Congo: UN scrambles to better protect civilians in wake of mass rape
The UN's largest peacekeeping force failed to prevent mass rape by Congo rebels in July. Now it's pushing to be more proactive – and more innovative – in its mission to protect civilians.
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"The places where civilian protection has worked have tended to be cases where you have a pretty high ratio of troops to area," says Richard Gowan, associate director of Managing Global Insecurity at the Center on International Cooperation at New York University. "They tend to be quite small places like Haiti or, beyond the UN, like Kosovo."Skip to next paragraph
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Of MONUSCO, he says, "If you look at the ratio between the soldiers it has and the area it is trying to secure, it's in a very, very difficult position indeed."
Nearly all the civilians at the bustling Friday market in Masisi center – several hours northwest of Goma – said there should be more peacekeepers. They protect the population effectively when they are nearby – their mere presence is a deterrent, several said. But for those like Feza Furaha, who live in remote areas several hours from a UN base, the fear of violence continues.
"To see them here, mingled with the population, it is a very good thing," she says of the troops scattered through the market. "Yet, in my place, Ngesha, people still live in fear."
At 4 p.m. later that day, peacekeepers left their base to patrol a route many would use to head home from the market. Such escorts occur in other areas as well and have for some time. Some draw hundreds who wait to walk with the troops.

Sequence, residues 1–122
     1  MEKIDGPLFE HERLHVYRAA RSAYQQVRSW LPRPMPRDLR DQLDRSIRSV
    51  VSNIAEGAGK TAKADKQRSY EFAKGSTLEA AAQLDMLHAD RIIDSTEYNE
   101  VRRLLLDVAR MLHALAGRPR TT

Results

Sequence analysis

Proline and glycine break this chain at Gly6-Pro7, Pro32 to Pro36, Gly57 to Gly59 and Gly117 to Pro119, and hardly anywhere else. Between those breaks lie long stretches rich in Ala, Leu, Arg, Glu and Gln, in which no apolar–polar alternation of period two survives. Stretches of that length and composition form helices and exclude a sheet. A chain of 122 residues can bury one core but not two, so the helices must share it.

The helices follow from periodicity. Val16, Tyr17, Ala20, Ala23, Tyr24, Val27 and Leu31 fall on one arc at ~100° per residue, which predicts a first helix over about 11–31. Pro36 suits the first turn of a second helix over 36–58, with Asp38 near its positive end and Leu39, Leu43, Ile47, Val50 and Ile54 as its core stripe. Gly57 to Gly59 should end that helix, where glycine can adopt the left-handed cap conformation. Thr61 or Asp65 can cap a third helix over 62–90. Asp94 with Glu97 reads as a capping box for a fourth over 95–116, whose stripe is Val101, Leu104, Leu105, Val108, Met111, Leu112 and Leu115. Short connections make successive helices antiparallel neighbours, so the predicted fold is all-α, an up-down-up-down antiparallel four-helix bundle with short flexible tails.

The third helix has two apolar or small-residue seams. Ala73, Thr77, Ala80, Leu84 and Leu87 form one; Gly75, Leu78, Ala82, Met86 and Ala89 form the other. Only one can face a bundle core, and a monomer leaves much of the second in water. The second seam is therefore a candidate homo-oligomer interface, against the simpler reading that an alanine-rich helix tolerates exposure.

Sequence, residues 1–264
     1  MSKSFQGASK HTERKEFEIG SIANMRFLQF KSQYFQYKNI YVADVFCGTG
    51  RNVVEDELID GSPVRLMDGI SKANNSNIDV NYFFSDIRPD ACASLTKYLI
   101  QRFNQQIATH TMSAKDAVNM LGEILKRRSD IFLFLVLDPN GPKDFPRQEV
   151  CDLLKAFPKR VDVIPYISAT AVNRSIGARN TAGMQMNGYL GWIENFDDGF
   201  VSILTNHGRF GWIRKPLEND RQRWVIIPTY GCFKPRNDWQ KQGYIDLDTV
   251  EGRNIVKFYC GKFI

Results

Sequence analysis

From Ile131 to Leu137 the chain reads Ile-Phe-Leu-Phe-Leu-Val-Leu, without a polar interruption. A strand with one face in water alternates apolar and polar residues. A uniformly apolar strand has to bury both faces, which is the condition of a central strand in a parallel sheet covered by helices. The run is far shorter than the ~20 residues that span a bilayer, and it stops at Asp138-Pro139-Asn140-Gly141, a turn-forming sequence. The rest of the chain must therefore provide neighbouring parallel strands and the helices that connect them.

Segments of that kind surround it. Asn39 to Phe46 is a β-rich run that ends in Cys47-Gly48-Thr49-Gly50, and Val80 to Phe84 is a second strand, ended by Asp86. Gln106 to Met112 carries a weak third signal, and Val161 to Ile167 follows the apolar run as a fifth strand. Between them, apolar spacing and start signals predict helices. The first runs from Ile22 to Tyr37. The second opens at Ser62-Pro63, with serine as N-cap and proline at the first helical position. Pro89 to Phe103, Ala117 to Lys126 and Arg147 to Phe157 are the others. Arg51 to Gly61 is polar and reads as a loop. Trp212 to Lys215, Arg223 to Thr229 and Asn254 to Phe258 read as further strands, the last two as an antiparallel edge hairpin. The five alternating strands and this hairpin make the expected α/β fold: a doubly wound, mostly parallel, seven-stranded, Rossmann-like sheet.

A need for standard practices
Anneke Van Woudenberg, senior researcher in the Africa Division of Human Rights Watch, lauds the UN for trying things in Congo that have not been done elsewhere, such as deploying joint protection teams. These multidisciplinary groups, with members from human rights, civil affairs, and other UN divisions, spend a few days assessing security in especially unstable areas and make recommendations to military personnel.
But the lack of standard operating procedures for regular contact between peacekeepers and the population is a serious weakness, she says. "I think on this the UN has moved far too slowly."
Celine Bullman and Lotta Ahola are trying to improve that integral link. They are civilian observers on a joint monitoring team with UN police who aim to connect with local populations and facilitate communication with peacekeepers to improve security. Unlike the protection teams, they are deployed permanently. The monitoring teams are a "big innovation," says Séverine Autesserre, a political science professor at Barnard College in New York who is living in Goma while working on her second book about Congo.
In the rural hamlet of Karuba, Ms. Bullman and Ms. Ahola met the leaders of several localities on a recent day. They asked about recent threats by armed groups, human rights violations, and the community's relationship with national and MONUSCO forces. They learned of a rape case and a clash between a Congolese soldier and locals that left two people dead. Later that day, Bullman and Ahola reported their findings to the MONUSCO battalion commander in charge of the area.
Both women see their job as central to the UN mission's mandate to protect civilians. "We are sensors in the field and can send signals back to Goma," Ahola says. "We hope to be early warning signs."